There are so many things that divide us.
If you turn on a television or glance at social media, the divisions that are present in American society almost seems to be irreparable. Whether it is race, religion, color or politics, we seem to lose more and more common ground with each other with each passing day.
For lack of a better way to describe it, we now seem to fear and despise our neighbors when we are supposed to love them as ourselves. And in the heart of that fear, there is darkness.
However, there is still light that shines in the darkness and reminds us of what we could become. It unites us in brotherly love and exemplifies who we should be as a people. And that light is often found in the simpler things in life.
For the city of Memphis, the light that unites us is and always will be basketball. Memphis Mayor Wyeth Chandler perhaps said it best back in 1973: “Memphis basketball has unified the city like it’s never been unified before. Black and white, rich and poor, old and young are all caught up in their success.”
This is what people from the outside like the Jay Bilases, Stephen. A. Smiths and Dan Dakiches of the world can never truly understand. In the critical world of college basketball, no one places the Memphis Tigers in the realm of blue bloods like Kentucky, North Carolina or Duke. And certainly no critical analyst has ever truly considered the Memphis Grizzlies as one of the great NBA franchises.
They just don’t get it.
Why would the Memphis Tigers fire such a respected and legendary coach in Tubby Smith to hire a former NBA all-star who has only coached at the grassroots and high school level?
Why don’t the Memphis Grizzlies just blow up their entire roster and start over? After all, it’s not like they have any real chance of becoming a contender in their current form. Or, if you’re Stephen A. Smith, why don’t the Grizzlies just move to Seattle?
In their attempts to critique what they perceive as a lower-income, mediocre sports city, they miss the point entirely. Basketball in Memphis is about more than just the win column (and make no mistake, both of the cities’ basketball teams, especially the Memphis Tigers, have enjoyed rich success over the courses of their existence).
In reality, basketball in Memphis is a symbol of civic unity, the bridge that closes the gap between different members of a society that could not be more divided. Memphis has a civic legacy and racial heritage that can be directly tied to basketball, which is what sets it apart from most cities.
To be sure, the Grizzlies and Tigers have both brought joy, pain, bliss and agony over the years, but the point is that we have experienced it all together. Basketball unites us and brings us together as one.
That is why it was not unusual to see people hugging others who look nothing like them and have no discernible similarities to them when James Wiseman announced that he would be a Memphis Tiger. There may be superficial differences, but there is one thing in Memphis that renders them all moot, at least for a time—basketball.
As a result, their joy is our joy, and their pain is our pain. It’s a beautiful thing that can’t be quantified or truly understood if you’re not apart of it.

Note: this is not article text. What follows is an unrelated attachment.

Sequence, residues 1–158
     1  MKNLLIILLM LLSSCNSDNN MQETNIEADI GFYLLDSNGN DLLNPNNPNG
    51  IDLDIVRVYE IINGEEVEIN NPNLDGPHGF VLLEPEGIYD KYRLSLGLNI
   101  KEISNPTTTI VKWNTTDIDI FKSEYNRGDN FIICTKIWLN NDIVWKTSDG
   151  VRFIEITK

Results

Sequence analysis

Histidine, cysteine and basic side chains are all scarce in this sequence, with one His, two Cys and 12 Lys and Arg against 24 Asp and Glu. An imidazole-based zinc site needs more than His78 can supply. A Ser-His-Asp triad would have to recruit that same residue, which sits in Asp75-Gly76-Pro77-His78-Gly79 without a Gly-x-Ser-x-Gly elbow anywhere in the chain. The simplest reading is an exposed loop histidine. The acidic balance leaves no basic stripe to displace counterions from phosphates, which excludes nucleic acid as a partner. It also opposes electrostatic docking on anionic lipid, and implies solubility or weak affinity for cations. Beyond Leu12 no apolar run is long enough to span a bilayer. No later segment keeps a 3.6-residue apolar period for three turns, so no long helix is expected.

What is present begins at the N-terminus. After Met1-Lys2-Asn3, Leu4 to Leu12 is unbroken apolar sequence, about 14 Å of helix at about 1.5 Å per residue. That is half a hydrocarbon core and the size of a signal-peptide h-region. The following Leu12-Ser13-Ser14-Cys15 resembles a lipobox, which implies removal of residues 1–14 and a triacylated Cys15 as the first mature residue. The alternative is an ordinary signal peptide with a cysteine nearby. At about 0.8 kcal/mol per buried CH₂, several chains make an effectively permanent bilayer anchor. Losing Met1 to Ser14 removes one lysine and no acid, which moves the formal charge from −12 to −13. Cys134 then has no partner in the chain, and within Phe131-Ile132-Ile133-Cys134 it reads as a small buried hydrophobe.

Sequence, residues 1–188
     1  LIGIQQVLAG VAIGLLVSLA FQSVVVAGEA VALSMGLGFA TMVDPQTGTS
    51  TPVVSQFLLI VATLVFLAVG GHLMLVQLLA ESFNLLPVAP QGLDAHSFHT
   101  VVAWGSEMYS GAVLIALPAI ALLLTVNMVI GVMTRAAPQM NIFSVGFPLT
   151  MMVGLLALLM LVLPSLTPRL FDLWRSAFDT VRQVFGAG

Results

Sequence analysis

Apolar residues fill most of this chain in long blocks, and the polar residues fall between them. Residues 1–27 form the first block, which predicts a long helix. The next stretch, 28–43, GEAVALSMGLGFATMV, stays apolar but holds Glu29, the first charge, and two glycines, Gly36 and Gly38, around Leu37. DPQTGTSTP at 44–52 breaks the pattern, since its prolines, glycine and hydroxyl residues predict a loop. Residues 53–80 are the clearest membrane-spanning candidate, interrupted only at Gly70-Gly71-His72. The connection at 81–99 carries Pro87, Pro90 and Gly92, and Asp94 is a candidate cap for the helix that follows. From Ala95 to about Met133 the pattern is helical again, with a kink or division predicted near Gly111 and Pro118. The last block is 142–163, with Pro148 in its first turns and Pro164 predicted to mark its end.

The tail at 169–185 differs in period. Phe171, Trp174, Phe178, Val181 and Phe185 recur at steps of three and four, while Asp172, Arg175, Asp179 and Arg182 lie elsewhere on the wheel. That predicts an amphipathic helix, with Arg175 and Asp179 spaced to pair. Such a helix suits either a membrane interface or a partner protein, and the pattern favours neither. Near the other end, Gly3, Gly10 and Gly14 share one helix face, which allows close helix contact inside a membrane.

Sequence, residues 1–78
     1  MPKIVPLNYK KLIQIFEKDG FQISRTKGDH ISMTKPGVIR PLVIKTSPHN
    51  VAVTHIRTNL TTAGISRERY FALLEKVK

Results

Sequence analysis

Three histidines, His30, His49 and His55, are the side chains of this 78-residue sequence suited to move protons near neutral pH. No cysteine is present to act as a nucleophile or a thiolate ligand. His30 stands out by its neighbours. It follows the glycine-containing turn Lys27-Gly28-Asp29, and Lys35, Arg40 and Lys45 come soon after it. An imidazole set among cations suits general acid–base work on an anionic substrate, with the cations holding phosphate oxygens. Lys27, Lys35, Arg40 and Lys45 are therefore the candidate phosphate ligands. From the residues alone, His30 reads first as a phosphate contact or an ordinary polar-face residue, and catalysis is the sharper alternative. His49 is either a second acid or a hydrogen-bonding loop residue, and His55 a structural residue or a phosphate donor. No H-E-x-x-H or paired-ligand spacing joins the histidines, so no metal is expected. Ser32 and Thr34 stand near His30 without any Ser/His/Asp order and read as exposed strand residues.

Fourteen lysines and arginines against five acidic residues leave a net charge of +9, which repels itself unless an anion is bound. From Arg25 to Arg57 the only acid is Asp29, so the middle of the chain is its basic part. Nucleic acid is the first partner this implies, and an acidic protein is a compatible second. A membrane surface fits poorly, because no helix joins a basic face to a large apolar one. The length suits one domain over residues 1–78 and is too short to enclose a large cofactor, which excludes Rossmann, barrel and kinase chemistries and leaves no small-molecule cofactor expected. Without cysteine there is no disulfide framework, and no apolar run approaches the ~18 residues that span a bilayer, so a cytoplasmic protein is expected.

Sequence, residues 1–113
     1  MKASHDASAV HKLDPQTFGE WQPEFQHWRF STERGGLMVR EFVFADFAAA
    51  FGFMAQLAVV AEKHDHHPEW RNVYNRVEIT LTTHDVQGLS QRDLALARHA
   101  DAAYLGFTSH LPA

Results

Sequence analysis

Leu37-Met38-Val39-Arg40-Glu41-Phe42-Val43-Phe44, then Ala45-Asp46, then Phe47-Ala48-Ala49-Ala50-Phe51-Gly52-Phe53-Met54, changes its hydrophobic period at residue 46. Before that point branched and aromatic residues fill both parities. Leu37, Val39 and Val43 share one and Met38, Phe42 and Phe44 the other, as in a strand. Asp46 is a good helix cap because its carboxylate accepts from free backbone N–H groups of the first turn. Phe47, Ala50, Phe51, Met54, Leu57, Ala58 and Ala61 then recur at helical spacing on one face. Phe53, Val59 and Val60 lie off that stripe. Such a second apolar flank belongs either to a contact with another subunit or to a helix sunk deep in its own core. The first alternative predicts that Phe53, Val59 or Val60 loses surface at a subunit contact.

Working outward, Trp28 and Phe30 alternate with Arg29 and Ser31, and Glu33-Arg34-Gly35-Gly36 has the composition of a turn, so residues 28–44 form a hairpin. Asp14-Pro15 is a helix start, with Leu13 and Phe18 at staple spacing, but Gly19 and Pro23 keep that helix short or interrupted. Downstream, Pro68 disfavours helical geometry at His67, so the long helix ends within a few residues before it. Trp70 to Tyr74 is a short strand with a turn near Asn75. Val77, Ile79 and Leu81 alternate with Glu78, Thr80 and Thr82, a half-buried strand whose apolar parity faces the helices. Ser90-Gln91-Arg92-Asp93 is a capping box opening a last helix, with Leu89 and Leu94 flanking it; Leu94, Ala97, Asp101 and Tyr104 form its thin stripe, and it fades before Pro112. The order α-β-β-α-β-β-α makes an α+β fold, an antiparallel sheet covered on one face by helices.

However, basketball loses its unifying force in Memphis when another negative quality is present. Apathy.
Apathy is a pervasive cancer, a suffocating asthma that can suck the life out of any program or city. And it pervaded both the Memphis Grizzlies and Memphis Tigers last year.
Apathy is why the Memphis Tigers made the radical decision to hire Penny Hardaway. Of course, the chance to land some of the most touted recruits in the country like James Wiseman was part of it, but it was about far more than just that.
It was a chance to again fully realize the unifying power that basketball has in Memphis. It was a chance to once again embrace our heritage and what makes us unique. The fact that it could be done through Memphis’ favorite son is just the icing on the cake.
Ironically, the unifying power of basketball in Memphis is also why the Grizzlies have stayed the course. A Memphis Grizzlies team that is led by Mike Conley and Marc Gasol will likely never win a championship, but they were among the main catalysts in redefining what Memphis basketball looks like for a new generation. Perhaps it is only fitting that they continue to lead the franchise into the future, until the time comes when Jaren Jackson Jr. will be ready to take the reins.
At the end of the day, there is no better advice I can give than this: Cherish this moment.
Cherish the fact that the Memphis Grizzlies are currently tied for first in the Western Conference as they once again give the rest of the NBA hell.
Cherish the fact that the Memphis Tigers are once again nationally relevant with a real chance of competing for a national championship over the next few years.
Cherish Memphis’ new unicorns in Jaren Jackson Jr. and James Wiseman.
And most importantly of all, cherish the unity that the game of basketball has given to the city of Memphis. It is a beautiful reflection of who we are and who we could become, if we just removed our prejudices and focused on the good in each other. Memphis basketball is a light that shines in the darkness of the division in our culture.
There is nothing like it in the world.